Ryanair to take-over London Stansted airport?

Ryanair seems to be interested in taking over London Stansted airport (IATA: STN) according to a news article published in the Daily Telegraph today:

Michael O’Leary is interested in launching a £2bn bid for Stansted airport and proving to BAA and the regulators that he can run it much better than they can.

The current owner, BAA, has recently become under increasing pressure to break up its monopolistic ownership over the three busiest airports in London, Heathrow, Gatwick and Stansted after continuously failing to improve their performance. However, having Ryanair running an airport would raise other concerns: Would they make travellers pay for every little additional thing as they do with their flights? At least this discussion adds to some movement in the BAA question and that’s always welcomed.

[Picture from Flickr]

British Airways to give away airmiles for delays

British Airways today introduced a new program where they “generously” give away 5,000 airmiles when your flight from Heathrow Terminal 5 is more than 15 minutes delayed:

As part of our commitment to giving you outstanding service, we do everything we can to get you to your destination on time. So if in spite of all our efforts we can’t depart from Terminal 5 within 15 minutes* of scheduled departure time over the coming weeks, we’d like to give you more than just an apology:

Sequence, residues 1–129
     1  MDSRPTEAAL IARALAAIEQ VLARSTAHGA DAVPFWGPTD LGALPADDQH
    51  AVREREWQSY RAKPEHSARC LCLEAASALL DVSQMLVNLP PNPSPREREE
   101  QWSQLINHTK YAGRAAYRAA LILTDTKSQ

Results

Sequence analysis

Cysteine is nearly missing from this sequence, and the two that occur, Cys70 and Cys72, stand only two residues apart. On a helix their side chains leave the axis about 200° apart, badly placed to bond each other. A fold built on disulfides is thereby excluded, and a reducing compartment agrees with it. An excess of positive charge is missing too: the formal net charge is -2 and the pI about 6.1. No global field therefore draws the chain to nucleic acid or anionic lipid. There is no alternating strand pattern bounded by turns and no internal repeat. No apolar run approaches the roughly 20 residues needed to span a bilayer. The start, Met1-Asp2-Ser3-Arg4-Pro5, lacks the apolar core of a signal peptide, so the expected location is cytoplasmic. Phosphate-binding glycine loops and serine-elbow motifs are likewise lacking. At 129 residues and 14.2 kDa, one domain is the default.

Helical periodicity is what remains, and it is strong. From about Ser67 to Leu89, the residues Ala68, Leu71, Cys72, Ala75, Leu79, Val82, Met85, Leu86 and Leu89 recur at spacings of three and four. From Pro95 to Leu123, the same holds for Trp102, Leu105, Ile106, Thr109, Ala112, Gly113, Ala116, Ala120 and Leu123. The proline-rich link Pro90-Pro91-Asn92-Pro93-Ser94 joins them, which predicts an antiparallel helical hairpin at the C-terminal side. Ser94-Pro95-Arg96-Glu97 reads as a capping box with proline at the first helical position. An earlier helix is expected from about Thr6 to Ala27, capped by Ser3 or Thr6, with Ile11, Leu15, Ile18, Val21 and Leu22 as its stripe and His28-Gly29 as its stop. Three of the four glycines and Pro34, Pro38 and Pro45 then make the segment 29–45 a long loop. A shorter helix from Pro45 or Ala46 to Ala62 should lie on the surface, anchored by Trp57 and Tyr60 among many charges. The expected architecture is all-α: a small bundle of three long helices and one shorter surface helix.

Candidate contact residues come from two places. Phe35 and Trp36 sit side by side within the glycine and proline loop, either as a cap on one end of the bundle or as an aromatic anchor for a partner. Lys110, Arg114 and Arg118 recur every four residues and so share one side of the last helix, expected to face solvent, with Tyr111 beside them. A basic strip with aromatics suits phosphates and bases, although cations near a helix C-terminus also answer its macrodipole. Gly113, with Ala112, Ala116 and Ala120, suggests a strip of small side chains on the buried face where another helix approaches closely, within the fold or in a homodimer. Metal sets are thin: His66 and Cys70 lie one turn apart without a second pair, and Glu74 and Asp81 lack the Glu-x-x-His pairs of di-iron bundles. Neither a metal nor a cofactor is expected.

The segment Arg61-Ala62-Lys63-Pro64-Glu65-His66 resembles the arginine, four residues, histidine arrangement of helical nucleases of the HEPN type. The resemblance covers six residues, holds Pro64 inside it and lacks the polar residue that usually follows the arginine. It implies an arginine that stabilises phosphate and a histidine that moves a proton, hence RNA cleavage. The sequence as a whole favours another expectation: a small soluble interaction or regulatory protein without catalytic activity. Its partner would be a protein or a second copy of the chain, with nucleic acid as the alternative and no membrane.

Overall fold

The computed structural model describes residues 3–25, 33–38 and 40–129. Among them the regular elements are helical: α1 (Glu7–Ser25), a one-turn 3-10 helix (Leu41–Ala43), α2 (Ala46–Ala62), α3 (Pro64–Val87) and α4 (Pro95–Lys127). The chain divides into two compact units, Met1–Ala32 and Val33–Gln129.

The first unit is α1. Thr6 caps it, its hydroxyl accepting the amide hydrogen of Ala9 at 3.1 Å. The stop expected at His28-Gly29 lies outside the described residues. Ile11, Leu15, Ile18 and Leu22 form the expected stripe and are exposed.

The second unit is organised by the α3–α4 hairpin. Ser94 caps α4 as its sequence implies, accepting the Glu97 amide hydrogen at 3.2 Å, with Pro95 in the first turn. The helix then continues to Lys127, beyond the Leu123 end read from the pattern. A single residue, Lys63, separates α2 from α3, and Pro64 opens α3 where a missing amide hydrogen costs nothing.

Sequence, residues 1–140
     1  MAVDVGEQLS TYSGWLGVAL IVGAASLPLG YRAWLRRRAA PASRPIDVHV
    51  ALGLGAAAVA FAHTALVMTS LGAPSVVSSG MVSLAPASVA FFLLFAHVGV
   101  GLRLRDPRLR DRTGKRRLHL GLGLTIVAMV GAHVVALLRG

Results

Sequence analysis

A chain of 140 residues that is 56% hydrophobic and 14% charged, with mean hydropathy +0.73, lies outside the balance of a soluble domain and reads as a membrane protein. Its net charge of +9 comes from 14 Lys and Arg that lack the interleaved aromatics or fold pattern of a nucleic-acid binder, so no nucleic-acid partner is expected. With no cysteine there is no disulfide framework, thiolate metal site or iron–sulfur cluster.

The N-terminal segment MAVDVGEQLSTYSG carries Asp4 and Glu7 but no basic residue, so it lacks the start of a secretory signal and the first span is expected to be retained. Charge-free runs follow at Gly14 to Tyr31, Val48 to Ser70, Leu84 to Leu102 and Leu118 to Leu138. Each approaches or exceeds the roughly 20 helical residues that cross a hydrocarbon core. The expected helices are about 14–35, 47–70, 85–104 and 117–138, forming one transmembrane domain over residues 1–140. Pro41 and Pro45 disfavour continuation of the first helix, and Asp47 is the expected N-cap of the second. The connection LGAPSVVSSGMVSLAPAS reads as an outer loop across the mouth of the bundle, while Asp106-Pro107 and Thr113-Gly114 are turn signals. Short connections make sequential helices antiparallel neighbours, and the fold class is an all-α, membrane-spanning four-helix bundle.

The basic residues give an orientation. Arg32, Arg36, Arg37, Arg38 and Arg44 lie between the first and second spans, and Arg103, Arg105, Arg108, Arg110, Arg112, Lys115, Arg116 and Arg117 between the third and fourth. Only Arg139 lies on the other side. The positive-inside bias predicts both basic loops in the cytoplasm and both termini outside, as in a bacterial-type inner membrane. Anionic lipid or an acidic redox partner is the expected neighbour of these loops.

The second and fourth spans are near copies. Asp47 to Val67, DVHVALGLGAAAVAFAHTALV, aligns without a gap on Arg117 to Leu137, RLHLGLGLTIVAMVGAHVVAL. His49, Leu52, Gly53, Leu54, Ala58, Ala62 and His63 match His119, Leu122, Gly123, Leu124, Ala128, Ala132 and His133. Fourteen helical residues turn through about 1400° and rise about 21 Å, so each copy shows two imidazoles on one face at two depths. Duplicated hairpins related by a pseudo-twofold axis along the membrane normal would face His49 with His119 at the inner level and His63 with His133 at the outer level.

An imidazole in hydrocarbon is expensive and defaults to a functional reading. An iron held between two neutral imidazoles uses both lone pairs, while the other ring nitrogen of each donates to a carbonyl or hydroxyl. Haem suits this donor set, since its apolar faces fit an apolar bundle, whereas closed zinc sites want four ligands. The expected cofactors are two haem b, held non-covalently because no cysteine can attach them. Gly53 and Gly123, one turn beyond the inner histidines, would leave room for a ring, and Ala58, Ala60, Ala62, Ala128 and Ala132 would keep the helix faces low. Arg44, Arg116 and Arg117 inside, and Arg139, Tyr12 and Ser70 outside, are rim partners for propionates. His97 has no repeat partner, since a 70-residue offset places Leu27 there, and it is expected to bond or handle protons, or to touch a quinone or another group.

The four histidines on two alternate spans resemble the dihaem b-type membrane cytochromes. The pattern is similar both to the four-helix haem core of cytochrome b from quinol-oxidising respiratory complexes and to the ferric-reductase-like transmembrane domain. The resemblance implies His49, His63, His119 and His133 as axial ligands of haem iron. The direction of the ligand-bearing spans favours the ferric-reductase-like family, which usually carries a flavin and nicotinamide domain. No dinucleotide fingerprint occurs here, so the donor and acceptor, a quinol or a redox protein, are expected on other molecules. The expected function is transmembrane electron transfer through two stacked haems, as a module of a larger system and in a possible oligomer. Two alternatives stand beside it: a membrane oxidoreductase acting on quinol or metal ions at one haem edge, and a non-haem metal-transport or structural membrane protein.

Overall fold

When you fly Club Europe, Euro Traveller or Domestic Flights on a flexible ticket (booking classes JCDYBH) departing from Terminal 5 between now and 02 September 2008 you’ll receive
5,000 BA Miles if your flight leaves later than 15 minutes* of its scheduled departure time from Terminal 5.

BA actually has been doing this for quite some time, but you only received the miles when you actively complained about a particular flight. This offer now sounds fairly generous since manymost Heathrow flights these days suffer a delay. In fairness this delay is often not the result of a problem caused by the airlines, but more because of the airport’s severe capacity constraints. And, surprise, surprise, the small print of BA’s offer then exactly excludes those kind of delays: